Megan: I really don’t think this record would have sounded the same if we hadn’t had that year break, because we had a year break for us. WE spent that year just playing a lot more, just the two of us. We spent time in front of a camera live-streaming. You become so much more comfortable with going out on a limb, or making mistakes or having fun with music. It reminded us of how we can connect people. We had some cool experiences.

Rebecca: When you preform on stage there’s a lot of pomp and circumstance just baked into the whole experience. You’re on a stage – standing higher than the crowd, it’s an interesting dynamic. But yeah, we were live-streaming from our guest bedroom in lockdown, or my writing room. There wasn’t that same level of ‘and now we shall perform’, we live-streamed sometimes when we were still learning some of the cover songs, so people could see what our process was. That very intimate place where people are seeing you before you even know what you’re doing yet was good for us.

Megan: I think it was an opportunity to take stock of your priorities. That applies not only to the way you spend your time, but how you feel compelled to speak through your art. It allowed us to reflect, and move on to the next chapter.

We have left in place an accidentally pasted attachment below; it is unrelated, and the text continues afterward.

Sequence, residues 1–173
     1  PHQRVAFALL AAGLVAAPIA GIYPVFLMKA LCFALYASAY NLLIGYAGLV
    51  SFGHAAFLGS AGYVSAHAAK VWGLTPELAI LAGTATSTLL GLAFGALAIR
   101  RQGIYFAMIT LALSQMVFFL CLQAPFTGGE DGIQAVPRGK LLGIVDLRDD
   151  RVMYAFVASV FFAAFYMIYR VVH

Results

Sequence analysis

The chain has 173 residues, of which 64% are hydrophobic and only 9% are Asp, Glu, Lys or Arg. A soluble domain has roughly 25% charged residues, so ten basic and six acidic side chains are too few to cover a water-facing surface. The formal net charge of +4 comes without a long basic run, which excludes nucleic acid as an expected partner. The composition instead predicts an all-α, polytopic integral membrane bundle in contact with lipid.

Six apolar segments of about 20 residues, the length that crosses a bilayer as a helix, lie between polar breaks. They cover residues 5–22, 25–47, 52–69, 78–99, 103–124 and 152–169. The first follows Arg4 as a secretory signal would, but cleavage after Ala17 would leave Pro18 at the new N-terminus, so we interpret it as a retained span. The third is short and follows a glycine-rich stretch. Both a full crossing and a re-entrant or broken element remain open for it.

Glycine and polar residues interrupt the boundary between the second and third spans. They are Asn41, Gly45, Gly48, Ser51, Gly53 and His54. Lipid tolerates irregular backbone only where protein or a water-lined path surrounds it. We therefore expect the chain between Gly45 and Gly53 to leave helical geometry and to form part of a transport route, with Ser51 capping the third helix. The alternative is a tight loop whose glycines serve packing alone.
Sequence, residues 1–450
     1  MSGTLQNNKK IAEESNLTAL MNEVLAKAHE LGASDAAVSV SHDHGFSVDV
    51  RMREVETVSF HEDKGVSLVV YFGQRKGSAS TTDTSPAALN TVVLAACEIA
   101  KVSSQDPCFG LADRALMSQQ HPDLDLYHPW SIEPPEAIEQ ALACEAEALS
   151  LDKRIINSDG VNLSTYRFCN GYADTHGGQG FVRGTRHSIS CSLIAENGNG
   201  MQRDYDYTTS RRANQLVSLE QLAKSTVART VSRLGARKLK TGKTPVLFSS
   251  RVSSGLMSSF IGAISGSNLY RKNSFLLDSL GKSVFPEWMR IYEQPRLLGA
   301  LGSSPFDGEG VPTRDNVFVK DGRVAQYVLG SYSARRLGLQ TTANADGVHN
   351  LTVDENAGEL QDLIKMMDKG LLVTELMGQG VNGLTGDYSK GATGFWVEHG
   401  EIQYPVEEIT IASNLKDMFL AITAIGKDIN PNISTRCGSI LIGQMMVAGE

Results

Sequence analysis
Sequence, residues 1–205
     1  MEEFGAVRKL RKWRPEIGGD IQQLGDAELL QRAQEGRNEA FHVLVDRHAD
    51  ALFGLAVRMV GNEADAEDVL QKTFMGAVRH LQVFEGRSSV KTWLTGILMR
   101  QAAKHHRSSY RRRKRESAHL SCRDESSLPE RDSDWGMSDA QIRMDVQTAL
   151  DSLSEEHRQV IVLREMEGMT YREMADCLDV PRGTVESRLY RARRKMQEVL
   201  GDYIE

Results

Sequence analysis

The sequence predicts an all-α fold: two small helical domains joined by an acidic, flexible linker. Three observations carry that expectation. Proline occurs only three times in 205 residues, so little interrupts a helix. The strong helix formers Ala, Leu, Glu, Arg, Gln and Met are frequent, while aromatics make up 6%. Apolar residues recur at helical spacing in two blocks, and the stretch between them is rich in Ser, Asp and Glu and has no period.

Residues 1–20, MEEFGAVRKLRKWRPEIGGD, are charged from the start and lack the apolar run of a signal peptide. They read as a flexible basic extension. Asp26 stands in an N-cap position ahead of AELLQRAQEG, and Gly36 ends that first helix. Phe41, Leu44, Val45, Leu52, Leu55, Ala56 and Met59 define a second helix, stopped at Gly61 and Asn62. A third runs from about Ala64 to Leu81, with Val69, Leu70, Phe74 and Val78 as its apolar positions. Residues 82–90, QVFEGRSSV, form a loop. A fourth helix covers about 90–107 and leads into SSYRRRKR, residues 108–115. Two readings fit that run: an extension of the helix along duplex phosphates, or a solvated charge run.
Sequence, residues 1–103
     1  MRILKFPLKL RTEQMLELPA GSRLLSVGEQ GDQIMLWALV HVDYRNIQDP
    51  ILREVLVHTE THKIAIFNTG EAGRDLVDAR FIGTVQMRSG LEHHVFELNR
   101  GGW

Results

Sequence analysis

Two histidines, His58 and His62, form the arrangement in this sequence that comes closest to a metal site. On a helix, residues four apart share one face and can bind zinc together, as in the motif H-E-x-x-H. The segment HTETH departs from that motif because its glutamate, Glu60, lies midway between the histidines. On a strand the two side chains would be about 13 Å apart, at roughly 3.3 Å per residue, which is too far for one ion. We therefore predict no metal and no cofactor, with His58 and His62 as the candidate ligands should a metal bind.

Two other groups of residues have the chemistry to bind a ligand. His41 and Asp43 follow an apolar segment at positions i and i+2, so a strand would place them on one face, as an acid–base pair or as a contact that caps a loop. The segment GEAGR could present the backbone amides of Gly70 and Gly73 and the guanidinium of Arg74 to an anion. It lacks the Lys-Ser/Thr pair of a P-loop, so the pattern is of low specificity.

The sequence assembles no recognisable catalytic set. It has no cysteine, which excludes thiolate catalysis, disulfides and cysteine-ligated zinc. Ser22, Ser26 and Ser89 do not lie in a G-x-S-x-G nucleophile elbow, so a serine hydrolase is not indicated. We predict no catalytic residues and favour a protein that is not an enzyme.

AMI: So, that next chapter then, are you thinking about where Larkin Poe goes next, following Blood Harmony?

Rebecca: Always. I can get a bit too far flung into the future, and sometimes my sister has to bring me back to the present. I’m always ‘on to the next’. We are very excited to be able to tour in support of this album. It comes out on November 11th, then we’ll be undertaking a headline tour in support in early 2023.

Megan: We’re also excited to be going out on tour with Willie Nelson this fall, for his Outlaw Festival. It’s a really sick bill every night. All your bucket-list bands play there.

Rebecca: We’re just very excited to get out on the road and share these songs with people.